Spotting Potential for Your Utility

Managers who put employees in roles that fit their strengths lead more successfully.

Spotting Potential for Your Utility

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When I needed someone to head the new crew, I immediately thought of you, Tom. You learn quickly, you work hard and you’re good at bringing a team together. These next few months are going to be a heavy lift, and I can’t think of anyone else better suited to the task.

Like gardeners planting seeds, people who spot potential can help others produce results they may never have imagined for themselves. By following a few steps, anyone can learn to see the future success in others.

1. Start with strengths

Pay attention to what’s special. Everyone has talents, and great potential spotters zero in on those gifts. Is someone organized, great with people or mechanically inclined?

2. Look in less obvious areas

Once you’ve identified the visible strengths, start looking in less obvious places. You may uncover a hidden talent. An average performer may become exceptional with a little help from the power of suggestion.  

3. Stick with sincerity

It’s one thing to recognize a spark before you see it. It’s another to tell people they’re good at something when there is significant evidence to the contrary. Most people can spot insincerity from a mile away, so it’s important to remain sincere.

4. Identify opportunities

In addition to recognizing possibility, great potential spotters are on the lookout for the places where others can shine. They know opportunities come in all shapes and sizes: Sometimes the opportunity is a task or project. Other times it’s a new position or some other responsibility.

5. Bring the person and the opportunity together in the right place

Great potential spotters understand not only who and what to pair, but how to introduce the opportunity. Sometimes these conversations are casual, and other times they are formal meetings. The type of communication largely depends on the person and the task. And because every circumstance is different, it’s important to be deliberate. If the task is part of routine work, a short conversation held in public may be appropriate. Conversely, when presenting a large project or new position, a formal meeting might be a better option.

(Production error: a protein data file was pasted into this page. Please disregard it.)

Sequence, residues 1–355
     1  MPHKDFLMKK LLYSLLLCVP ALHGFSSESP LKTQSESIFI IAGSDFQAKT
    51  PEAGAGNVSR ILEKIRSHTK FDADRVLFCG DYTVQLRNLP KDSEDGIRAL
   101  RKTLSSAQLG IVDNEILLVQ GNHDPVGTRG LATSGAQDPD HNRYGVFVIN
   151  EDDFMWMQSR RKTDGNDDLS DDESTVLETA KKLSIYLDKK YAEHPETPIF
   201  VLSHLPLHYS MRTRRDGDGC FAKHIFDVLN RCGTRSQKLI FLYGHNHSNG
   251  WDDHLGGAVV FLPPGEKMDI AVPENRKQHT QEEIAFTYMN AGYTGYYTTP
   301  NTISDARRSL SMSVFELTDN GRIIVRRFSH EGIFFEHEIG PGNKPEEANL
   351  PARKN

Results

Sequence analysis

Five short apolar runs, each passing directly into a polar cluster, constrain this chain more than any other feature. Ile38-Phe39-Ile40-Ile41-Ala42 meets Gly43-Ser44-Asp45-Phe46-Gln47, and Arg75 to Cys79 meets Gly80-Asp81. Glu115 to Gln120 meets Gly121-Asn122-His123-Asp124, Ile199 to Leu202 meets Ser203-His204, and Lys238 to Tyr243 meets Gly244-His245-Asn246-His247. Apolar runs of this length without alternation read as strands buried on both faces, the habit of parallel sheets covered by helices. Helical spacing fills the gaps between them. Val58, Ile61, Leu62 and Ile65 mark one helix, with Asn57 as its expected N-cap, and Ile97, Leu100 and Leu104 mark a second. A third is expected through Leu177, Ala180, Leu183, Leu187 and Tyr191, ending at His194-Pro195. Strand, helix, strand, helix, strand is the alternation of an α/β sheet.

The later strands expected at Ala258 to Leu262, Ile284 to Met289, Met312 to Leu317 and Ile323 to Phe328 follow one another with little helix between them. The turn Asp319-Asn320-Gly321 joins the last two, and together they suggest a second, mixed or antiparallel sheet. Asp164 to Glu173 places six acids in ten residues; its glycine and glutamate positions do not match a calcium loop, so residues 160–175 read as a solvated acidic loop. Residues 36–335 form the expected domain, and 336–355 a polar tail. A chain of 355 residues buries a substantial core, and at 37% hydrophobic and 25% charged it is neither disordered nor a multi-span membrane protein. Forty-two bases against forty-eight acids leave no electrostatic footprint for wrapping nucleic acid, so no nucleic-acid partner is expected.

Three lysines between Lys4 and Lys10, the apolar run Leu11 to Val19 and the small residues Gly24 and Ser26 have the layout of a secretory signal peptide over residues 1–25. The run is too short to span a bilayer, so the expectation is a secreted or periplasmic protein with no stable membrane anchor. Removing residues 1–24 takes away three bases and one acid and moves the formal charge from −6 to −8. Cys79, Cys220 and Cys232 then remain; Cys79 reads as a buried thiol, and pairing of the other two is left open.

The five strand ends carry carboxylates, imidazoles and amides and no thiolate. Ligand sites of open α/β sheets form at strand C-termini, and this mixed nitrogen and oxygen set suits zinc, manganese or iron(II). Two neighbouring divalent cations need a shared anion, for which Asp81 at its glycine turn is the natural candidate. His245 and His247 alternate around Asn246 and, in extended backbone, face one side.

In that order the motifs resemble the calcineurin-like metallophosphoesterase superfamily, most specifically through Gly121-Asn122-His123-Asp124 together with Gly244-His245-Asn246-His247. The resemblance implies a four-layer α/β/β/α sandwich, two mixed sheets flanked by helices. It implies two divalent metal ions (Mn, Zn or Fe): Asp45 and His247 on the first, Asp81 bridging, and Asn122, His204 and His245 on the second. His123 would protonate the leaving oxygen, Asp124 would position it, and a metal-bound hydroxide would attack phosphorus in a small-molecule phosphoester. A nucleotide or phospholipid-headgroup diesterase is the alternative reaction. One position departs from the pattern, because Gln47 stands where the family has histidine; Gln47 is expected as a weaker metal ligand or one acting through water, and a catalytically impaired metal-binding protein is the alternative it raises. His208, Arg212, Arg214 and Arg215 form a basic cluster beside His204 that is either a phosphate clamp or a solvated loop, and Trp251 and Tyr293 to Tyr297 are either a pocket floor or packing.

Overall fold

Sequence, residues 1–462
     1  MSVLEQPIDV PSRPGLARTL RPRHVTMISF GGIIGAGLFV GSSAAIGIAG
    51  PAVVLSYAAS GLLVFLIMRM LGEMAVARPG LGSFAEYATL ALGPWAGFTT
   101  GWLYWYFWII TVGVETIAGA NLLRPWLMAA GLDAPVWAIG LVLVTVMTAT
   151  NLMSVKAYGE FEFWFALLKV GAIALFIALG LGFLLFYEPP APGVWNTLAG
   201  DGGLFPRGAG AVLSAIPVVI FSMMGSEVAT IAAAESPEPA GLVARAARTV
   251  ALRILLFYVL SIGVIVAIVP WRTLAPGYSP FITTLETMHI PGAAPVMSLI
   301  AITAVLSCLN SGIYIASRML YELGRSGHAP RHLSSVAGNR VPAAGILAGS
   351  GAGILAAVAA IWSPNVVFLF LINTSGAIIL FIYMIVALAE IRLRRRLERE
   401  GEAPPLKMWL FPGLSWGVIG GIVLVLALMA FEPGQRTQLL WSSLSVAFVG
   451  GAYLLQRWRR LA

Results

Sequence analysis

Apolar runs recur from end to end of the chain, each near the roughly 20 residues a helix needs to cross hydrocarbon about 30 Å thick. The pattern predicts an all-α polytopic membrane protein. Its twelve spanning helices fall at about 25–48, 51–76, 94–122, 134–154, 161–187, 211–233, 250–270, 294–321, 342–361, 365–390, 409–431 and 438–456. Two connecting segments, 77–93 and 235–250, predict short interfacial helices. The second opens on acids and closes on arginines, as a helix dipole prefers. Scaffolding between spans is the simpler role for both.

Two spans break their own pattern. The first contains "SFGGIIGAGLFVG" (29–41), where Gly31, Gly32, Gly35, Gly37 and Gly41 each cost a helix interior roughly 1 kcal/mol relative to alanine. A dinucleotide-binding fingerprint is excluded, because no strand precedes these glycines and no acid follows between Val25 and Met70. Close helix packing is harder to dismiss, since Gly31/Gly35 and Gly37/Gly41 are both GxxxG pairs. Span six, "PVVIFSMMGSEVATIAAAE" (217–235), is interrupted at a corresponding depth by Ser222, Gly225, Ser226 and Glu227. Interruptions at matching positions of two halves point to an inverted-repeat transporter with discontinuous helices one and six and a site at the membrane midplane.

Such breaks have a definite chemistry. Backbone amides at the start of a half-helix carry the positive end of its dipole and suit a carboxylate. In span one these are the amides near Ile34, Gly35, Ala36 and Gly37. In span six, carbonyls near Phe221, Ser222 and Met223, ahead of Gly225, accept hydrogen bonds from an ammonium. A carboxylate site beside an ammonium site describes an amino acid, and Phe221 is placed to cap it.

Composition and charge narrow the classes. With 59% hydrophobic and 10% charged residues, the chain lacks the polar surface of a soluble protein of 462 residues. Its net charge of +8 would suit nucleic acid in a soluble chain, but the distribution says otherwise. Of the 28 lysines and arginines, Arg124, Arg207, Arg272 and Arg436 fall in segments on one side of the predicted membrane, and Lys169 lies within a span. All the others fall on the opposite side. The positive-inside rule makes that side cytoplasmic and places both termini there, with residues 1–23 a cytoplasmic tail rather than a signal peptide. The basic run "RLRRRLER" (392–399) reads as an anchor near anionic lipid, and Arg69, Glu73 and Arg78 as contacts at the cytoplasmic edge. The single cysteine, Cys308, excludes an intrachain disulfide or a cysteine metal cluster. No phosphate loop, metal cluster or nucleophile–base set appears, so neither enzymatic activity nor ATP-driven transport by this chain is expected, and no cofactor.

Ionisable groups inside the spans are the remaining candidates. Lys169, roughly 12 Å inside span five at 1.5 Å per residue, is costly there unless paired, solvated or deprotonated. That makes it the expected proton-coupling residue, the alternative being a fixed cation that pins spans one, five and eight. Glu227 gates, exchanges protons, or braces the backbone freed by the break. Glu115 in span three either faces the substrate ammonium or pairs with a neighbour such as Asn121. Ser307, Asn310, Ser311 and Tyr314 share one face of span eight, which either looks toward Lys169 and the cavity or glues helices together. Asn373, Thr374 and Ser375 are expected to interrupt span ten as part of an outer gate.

6. Connect what and why

Potential spotters follow a formula. They recognize a person’s strength, how it fits with the opportunity and why the match makes sense. For example: 

Ben, I’ve been watching you work. You know how to follow the standard operating procedure, and now I think you’re ready to increase your speed. You’re diligent in your approach to what you do, and your attitude is certainly positive. I’d like to get you some additional time on the lining crew this week. I know you could be one of our top performers with some practice.

7. Prepare for a range of reactions

People react to these discussions of their potential in a range of ways. Some embrace what they’re told and look forward to tackling whatever opportunity the spotter highlights. Others get bogged down in self-doubt and require additional reassurance. And from time to time, the spotter is met with rejection when the person with the potential does not immediately — or ever — embrace the opportunity. A good potential spotter is prepared for any of these outcomes.

8. Set the stage for success

Sometimes people with great potential fail because of factors that have nothing to do with the person or the opportunity. Exceptional managers keep this in mind. And to the extent they can, they pave the way for success with training, exposure to information, time to practice new skills and other appropriate resources.

9. Embrace all results

When people meet with success, potential spotters acknowledge it, and they’re well on their way toward finding additional opportunities to build on what’s been achieved. On the other hand, when people and opportunities don’t come together well, a good manager takes the situation in stride and find other avenues for people to thrive.

10. Make time for spotting

Potential-spotting can happen organically, but it can happen more often when you set aside time to think about it. Scheduling time to observe your team in action can yield great results. Great potential is in everyone, and when it’s unleashed it compounds. Success builds success.

Imagine if everyone in your company realized even half of his or her potential. What could people achieve alone and together? Probably more than they do now. So, whose potential do you need to spot today? F

Kate Zabriskie is the president of Business Training Works, a Maryland-based talent development firm. For more information, visit


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